By: Dr. Bret Frey, Contract Performance Committee Chair of Western Clinical Alliance & Karen Massey, Executive Director, Emergency Physicians
Focusing on controlling costs and improving patient outcomes are important goals of Western Clinical Alliance. These goals highlight the need for alignment in provider compensation and a shift toward value-based payment structures. Through a value-based payment structure providers are paid based on the quality rather than quantity of care provided and support three main goals:
- Improve care for patients
- Better health in populations
- Lower total cost of care
To effectively move to value-based payment structure, selecting value modifiers is an important place to start.
How Do Value Modifiers Work?
In general, most physicians are paid based on production charges, usually reflected in relative value units (RVU). A value modifier associates a value component to RVU and allows the practice to better align with value-based contracting. This structure mimics how the Centers for Medicare and Medicaid (CMS) now pays physicians with their merit-based incentive program (MIPS). A physician’s payment is modified by a percentage based on the physician’s performance against certain measures. Within a clinically integrated network, like Western Clinical Alliance, this can make a significant financial difference to the bottom line and create a triple win for the patient, the practice and the network.
For example, if a physician generates 1,000 RVUs/year but has poor metrics, a value modifier of 5-10% could help that physician improve in the areas which are mutually beneficial to the practice and the Western Clinical Alliance. If that physician doesn’t improve and continues to be an outlier with poor metrics, the group could say that physician’s “value-based” production was only 900 RVUs (less 10%). In contrast, a physician who has improved and has excellent metrics could be compensated 1100 RVUs (plus 10%).
The idea behind choosing a value modifier and the value-based compensation model is that revenue is neutral within the group. If everyone meets the thresholds of performance set by the group, everyone receives 1000 RVUs. Well-chosen thresholds can help ensure neutral revenue for all physicians while providing higher quality, overall patient value, and shared savings distribution.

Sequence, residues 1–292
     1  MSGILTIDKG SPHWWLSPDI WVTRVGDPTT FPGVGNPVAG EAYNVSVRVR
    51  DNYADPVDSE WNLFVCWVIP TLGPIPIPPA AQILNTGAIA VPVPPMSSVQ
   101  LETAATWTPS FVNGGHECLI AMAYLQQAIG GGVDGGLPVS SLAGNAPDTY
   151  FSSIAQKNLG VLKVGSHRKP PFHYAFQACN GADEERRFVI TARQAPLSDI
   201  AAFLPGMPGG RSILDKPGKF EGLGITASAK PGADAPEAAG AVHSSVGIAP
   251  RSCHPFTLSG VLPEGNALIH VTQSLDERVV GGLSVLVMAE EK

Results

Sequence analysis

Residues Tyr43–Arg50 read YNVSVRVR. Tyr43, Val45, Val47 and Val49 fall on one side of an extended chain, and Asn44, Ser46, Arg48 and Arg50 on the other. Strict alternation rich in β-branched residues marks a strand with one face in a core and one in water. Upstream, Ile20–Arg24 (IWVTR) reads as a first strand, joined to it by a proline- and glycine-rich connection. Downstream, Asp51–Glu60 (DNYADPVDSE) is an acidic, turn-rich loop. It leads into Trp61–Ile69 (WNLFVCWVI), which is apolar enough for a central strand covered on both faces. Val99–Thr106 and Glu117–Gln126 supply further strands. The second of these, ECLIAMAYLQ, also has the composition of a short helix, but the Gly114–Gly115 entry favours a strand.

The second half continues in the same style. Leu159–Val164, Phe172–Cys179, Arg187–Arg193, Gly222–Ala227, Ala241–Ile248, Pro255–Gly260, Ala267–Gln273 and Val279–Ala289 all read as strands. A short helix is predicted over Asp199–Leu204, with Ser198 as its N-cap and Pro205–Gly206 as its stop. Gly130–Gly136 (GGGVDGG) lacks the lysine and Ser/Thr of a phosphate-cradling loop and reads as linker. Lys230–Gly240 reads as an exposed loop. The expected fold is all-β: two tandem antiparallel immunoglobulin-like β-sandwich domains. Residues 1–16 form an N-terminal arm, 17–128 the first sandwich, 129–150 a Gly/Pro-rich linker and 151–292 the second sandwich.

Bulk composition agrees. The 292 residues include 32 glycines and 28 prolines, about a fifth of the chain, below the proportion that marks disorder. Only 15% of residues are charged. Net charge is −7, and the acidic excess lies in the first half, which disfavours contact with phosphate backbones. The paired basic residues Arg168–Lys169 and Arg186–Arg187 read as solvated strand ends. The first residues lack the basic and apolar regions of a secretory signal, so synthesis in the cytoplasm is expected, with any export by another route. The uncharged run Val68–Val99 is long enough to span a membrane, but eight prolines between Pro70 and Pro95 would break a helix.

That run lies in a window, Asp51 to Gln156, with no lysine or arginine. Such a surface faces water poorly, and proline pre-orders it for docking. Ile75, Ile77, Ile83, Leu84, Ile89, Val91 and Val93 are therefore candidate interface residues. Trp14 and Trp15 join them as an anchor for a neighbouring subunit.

Selecting Value Modifiers
Access to relevant and reliable data, and understanding and identifying appropriate metrics are important steps to selecting a value modifier. The value modifier selected for each group will vary and depend on the group’s specialty and their chosen goals. For each group that adopts this approach, they should tailor it to what makes sense for their practice based on these considerations:
- The group’s current compensation structure
- What is a valuable measure in their specialty
- What fits within the group’s culture
Groups that have adopted the value-modifier and value-based payment structure approach have identified the following key components to success:
- Create a small committee of respected physicians to select the value modifier
- Identify measure that are both relevant and reliable
- Commit to an accountable feedback loop and realistic thresholds with clear messaging that helps everyone succeed
Adopting this approach can help practices modify their compensation model, improve patient outcomes which aligns with the goals Western Clinical Alliance has set for 2021 and beyond with respect to high-value medicine. The risk of not adopting this approach or using an in effective value modifier is that providers who are historic outliers with poor metrics may continue to practice in a misaligned way in the manner they are accustomed, making it a challenge to best address low-value and high-cost medicine within a practice.
Physicians have always had the patient at the center of their daily mission. The value modifier is a way to encourage physicians to improve and continue value-based care and keep the patient at the center of their health care journey.